Colombia: Background and U.S. Relations
Updated November 29, 2019
Congressional Research Service https://crsreports.congress.gov R43813
R43813 Colombia: Background and U.S. Relations November 29, 2019 Colombia, a key Latin American ally, endured half a century of internal armed conflict. Drug trafficking fueled the violence, funding left- and right-wing armed groups. Some analysts feared June S. Beittel in the 1990s that Colombia would become a failed state, but the Colombian government devised Analyst in Latin American a novel security strategy, known as Plan Colombia, to counter the insurgencies. Plan Colombia Affairs and follow-on programs ultimately became a 17-year U.S.-Colombian bilateral effort. The partnership initially focused on counternarcotics and later included counterterrorism. When fully implemented, it also included sustainable development, human rights, trade, regional security, and other areas of cooperation.
Congress appropriated more than $10 billion for Plan Colombia and its follow-on programs between FY2000 and FY2016, about 20% of which was funded through the U.S. Department of Defense. Since 2017, Congress has provided nearly $1.2 billion in additional assistance for Colombia. For FY2019, Congress appropriated $418.1 million in foreign aid for Colombia, which encompassed efforts to promote peace and reconciliation, assist rural communities, and continue counternarcotics support through the U.S. State Department and the U.S. Agency for International Development. Congress has signed two continuing resolutions for FY2020 appropriations, with FY2020 aid levels set to match FY2019 levels through late December 2019.
Peace Accord Forged But Remains Polarizing
President Juan Manuel Santos (2010-2018) primarily focused on concluding a peace accord with the Revolutionary Armed Forces of Colombia (FARC)—the country’s largest leftist guerrilla organization. Following four years of negotiations, Colombia’s Congress ratified the peace accord in November 2016. During a U.N.-monitored demobilization effort in 2017, some 13,000 FARC disarmed, including combatants, militia members, and others deemed eligible to demobilize.
In August 2018, Iván Duque, a former senator from the conservative Democratic Center party, was inaugurated to a four-year presidential term. He campaigned as a critic of the peace accord. His party objected to measures concerning justice and political representation of the FARC after its demobilization. Shortly after taking office, Duque suspended peace talks with the National Liberation Army (ELN)—Colombia’s second-largest rebel group—which had begun under Santos.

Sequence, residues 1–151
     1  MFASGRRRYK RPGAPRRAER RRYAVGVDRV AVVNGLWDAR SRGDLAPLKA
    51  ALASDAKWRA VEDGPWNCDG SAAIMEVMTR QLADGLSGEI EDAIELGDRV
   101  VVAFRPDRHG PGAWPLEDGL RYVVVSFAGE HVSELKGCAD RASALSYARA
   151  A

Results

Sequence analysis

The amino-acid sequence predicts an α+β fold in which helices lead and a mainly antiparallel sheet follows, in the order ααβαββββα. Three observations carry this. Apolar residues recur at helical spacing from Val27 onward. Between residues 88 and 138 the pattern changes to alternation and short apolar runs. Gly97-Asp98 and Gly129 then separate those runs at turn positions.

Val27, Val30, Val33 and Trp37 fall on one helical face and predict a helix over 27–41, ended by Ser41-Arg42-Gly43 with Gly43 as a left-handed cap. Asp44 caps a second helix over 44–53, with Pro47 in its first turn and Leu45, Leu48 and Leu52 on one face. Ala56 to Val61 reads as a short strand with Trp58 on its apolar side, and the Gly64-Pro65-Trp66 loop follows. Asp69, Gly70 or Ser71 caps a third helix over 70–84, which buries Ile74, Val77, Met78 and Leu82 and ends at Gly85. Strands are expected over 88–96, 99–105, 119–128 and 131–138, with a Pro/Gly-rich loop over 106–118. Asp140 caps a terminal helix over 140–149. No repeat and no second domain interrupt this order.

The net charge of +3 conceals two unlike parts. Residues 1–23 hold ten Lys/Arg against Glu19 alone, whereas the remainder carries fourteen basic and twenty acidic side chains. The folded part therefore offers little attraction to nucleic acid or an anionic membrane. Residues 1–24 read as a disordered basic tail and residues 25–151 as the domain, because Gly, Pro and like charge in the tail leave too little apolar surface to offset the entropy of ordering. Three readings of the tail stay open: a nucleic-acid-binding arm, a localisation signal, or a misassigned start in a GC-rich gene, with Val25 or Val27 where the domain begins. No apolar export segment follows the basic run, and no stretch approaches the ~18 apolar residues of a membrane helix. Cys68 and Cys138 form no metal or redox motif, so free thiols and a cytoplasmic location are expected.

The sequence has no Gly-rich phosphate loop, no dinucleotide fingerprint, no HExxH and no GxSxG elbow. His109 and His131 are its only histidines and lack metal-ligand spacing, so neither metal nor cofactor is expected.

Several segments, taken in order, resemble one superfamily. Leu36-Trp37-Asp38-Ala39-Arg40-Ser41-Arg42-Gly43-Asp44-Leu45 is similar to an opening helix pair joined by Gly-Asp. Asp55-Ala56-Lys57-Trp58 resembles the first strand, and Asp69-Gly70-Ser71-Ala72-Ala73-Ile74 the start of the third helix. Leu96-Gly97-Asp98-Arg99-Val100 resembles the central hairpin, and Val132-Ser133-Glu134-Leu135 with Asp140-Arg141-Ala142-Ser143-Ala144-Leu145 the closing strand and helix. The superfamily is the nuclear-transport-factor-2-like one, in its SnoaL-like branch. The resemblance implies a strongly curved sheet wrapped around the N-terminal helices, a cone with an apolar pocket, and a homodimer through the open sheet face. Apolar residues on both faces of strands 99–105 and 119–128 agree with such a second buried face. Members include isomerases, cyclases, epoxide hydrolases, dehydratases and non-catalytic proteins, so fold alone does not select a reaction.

Many consider Plan Colombia and its successor strategies to have significantly improved Colombia’s security and economic stability. Nevertheless, recent developments threaten the country’s progress. The FARC’s demobilization and abandonment of illegal activities have triggered open conflict among armed actors (including FARC dissidents and transnational criminal groups), who seek to control drug cultivation and trafficking, illegal mining, and other illicit businesses. In August 2019, a FARC splinter faction, which included the former lead FARC negotiator of the peace accord, announced its return to arms. In response, Venezuela appears to be sheltering and perhaps collaborating with FARC dissidents and ELN fighters, a development of grave concerns to the U.S. and Colombian governments.
Colombia faces major challenges, including a sharp increase of coca cultivation and cocaine production; vulnerability to a mass migration of Venezuelans fleeing the authoritarian government of Nicolás Maduro; and a spike in attacks on human rights defenders, including social leaders implementing peace accord programs. As of September 2019, 1.4 million Venezuelans were residing in Colombia. Neighboring Venezuela’s upheaval increased after the United States and several other nations, including Colombia, called for a democratic transition and recognized Juan Guaidó as Venezuela’s interim president; as of late 2019 Guaidó and his supporters have not dislodged Maduro. Since FY2017, the U.S. State Department has allocated about $378 million to support countries receiving Venezuelan migrants, with more than half (almost $215 million in U.S. humanitarian and development assistance) for Colombia, as the most severely affected nation.
The United States remains Colombia’s top trading partner. Colombia’s economy grew by 2.7% in 2018 and is forecast to grow by more than 3% in 2019, with foreign direct investment also on the rise. For additional background, see CRS In Focus IF10817, Colombia’s 2018 Elections, CRS Report R42982, Colombia’s Peace Process Through 2016, and CRS Report RL34470, The U.S.-Colombia Free Trade Agreement: Background and Issues.
Congressional Research Service Colombia: Background and U.S. Relations